Problems at the scandal-scarred South Carolina Vocational Rehabilitation Department (SCVRD) – which were exclusively unearthed by our news outlet back in December of 2016 – endure to this day despite the high-profile media attention, an extensive government investigation and the ouster of the agency’s former executive director.
According to our sources “the nepotism, misconduct and good ole boy/ gal system or culture still exists.”
In fact, one source at the agency told us things are “worse than ever.”
“Please be informed that the (SCVRD) is still up to its old ways from what you previously reported,” one source wrote to us over the weekend.
Specifically, our source alleged that “several employees that were a part of the fabric back in 2016-2017 that were a part of the issues then … are still in place today at the department.”
Our 2016-2017 reporting – prompted an investigation by the S.C. Office of Inspector General (SCOIG) and the abrupt resignation of its former leader, Neal Getsinger.
Unfortunately, the SCOIG inquiry amounted to little more than a “slap on the wrist.”
“Those who allegedly misappropriated funds received no punishment for their actions, and it doesn’t appear as though steps have been taken to prevent a similar fleecing from taking place in the future,” we opined in September of 2017.
We added at the time that “several employees reportedly tied to the scandal remain at the agency, though – including the sister of powerful U.S. Senator Lindsey Graham.”
In our original report a little over two years ago, we wrote that SCVRD was rife with “kickbacks, nepotism, sex scandals and a host of other abuses.” Most glaringly, the agency was caught paying $8,000 a month in “consulting” costs to one of its former commissioners through a dubious third-party provider – Allied.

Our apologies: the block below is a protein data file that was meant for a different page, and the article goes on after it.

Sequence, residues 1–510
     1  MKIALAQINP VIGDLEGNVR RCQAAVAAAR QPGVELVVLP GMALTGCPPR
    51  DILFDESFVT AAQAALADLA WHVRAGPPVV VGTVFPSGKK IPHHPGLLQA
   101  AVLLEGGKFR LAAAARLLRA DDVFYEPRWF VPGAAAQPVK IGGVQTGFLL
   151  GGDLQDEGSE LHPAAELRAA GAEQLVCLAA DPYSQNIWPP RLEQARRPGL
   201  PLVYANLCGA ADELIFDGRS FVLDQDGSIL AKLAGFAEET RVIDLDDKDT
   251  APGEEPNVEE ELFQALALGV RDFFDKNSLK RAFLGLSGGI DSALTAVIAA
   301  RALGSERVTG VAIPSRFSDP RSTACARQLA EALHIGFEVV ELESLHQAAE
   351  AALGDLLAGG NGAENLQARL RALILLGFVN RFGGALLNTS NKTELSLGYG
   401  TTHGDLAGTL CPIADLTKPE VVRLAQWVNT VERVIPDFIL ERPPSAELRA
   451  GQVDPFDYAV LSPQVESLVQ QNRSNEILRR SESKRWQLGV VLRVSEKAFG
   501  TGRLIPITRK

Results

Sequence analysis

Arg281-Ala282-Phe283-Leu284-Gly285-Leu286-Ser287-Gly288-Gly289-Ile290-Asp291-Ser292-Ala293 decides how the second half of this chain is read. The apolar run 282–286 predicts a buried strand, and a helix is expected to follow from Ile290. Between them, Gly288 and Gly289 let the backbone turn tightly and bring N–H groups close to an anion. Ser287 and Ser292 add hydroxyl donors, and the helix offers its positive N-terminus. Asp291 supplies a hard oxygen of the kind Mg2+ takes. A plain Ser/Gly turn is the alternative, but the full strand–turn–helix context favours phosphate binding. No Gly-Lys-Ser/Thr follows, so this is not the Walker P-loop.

One whistleblower accused the agency of “laundering money” through Allied, which received $8.4 million in payments from SCVRD over a ten-year period.
The SCOIG report didn’t allege money laundering, but it certainly took a dim view of the former commissioner’s $8,000 a month consulting contract – which was apparently a “common practice” employed on multiple prior occasions for ex-bureaucrats.
“SCVRD made payments to ALLIED which were thinly documented at best, if not unsupported,” the report concluded, citing “insufficient documentation of the contractual relationship as well as the work provided.”
The report also revealed that this controversial contract was terminated shortly after our initial report was published – which we referred to as a case of “ex-bureaucrats getting caught with their hands in the taxpayers’ cookie jar.”
Sadly, it appears as though the fleecing is continuing …
Will anything change this time? Possibly … according to our sources, there is some federal interest in alleged irregularities at SCVRD, one of several “investigation(s) into agency affairs … being looked into at this moment.”
SCVRD is run by a seven-member commission – with each member appointed by the governor. It has been appropriated $173.5 million in the latest version of the state budget scheduled to take effect on July 1. In addition to exercising total control over the agency, the governor’s office also controls the SCOIG – the agency which conducted the 2017 inquiry.
Stay tuned … we expect to have much more to report on this agency in the very near future.
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